Some emergency departments are trauma centers and some aren’t. However, it doesn’t mean that you won’t get traumas. I have never worked at a trauma center but traumas do end up at these ERs from time to time anyway! You can get some trauma certifications....TNCC as an example. A critical care nurse can cover many specialities.....all types of ICU nursing to ER nursing.....to PACU to IR nursing. 

On 9/25/2020 at 3:32 PM, Kymmlin said:

Can someone please breakdown the different areas of emergency nursing for me? I'm from a non-clinical background and just started an accelerated program in order to pursue my dream in providing medical assistance during large scale disasters. 

Emergency nursing seems to most closely align with the disaster relief training I'm after--but please correct me if I'm wrong. The ENP program at the school I started going to requires at least 1 year of experience in the ED before beginning the specialty specific courses. Yet with my limited knowledge of clinical things, I'm wondering if this is even the right field for me to pursue.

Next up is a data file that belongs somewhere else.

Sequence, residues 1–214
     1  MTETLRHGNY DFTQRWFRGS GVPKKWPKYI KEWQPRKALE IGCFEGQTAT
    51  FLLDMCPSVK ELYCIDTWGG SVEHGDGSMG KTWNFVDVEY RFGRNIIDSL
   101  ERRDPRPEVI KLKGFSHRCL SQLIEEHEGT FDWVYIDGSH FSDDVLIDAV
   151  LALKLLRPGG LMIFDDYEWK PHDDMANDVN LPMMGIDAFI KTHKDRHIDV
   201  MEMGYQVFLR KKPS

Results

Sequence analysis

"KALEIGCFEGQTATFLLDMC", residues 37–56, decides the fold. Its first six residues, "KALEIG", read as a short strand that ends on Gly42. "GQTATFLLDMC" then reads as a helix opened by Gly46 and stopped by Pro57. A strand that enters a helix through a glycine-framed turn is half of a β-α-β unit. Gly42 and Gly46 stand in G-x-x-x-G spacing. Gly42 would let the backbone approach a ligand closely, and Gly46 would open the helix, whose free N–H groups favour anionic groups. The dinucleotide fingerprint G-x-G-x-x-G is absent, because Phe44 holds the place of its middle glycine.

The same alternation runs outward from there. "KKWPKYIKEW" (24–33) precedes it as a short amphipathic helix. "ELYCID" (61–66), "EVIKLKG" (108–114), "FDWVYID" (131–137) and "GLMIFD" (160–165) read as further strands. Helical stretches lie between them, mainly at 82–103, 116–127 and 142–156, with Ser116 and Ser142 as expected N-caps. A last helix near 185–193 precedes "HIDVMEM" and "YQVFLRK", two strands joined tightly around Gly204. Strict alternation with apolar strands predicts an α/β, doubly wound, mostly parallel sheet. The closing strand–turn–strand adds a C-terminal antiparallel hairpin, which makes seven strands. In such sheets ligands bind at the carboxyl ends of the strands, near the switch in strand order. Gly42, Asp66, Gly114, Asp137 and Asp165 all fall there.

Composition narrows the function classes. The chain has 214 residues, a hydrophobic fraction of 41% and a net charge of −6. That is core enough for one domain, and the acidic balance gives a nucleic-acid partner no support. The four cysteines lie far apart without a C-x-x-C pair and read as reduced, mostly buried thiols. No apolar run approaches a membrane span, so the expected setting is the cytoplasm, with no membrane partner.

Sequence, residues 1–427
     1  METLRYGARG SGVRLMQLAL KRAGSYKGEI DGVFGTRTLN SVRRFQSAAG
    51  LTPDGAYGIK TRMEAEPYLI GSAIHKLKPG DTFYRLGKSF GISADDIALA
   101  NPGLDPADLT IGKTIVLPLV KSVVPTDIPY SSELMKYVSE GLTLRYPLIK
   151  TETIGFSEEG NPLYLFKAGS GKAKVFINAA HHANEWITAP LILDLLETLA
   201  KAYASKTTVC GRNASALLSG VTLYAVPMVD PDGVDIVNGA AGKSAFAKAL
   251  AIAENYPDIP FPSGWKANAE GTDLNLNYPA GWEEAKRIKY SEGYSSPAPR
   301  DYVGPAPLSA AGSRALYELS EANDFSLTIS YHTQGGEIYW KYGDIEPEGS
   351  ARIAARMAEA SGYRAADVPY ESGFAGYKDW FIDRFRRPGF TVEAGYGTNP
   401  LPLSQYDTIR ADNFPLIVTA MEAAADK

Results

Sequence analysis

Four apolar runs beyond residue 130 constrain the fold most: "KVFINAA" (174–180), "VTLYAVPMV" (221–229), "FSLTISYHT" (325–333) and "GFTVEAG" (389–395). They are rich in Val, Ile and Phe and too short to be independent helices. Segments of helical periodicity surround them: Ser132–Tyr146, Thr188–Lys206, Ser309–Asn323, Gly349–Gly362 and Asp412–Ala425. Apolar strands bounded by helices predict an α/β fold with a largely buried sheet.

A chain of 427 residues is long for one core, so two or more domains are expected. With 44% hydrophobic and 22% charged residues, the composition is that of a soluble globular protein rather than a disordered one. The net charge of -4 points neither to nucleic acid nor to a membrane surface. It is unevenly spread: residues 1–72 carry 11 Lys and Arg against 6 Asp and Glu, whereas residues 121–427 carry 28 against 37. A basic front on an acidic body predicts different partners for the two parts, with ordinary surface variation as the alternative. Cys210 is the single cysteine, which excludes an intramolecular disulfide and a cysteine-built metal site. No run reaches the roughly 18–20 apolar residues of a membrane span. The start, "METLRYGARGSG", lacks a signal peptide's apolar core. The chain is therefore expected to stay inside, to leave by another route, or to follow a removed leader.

Different specialties in nursing I've encountered that sound interesting to me are: RNFA, Trauma nursing, wildnerness nursing, and emergency nursing.

The school's website included some field exercises on the emergency nursing page--which is what drew me to the school, but the more I find out about their ENP program, the more I'm learning that it is basically strictly ED nursing. What is the difference with emergency nursing and trauma nursing? Are trauma nurses in the ED or ICU? What are the different level of traumas I've seen in other posts? Can someone please break this down for me? I'm so lost I'm considering just dropping out of the program and just joining the military to be trained as a medic.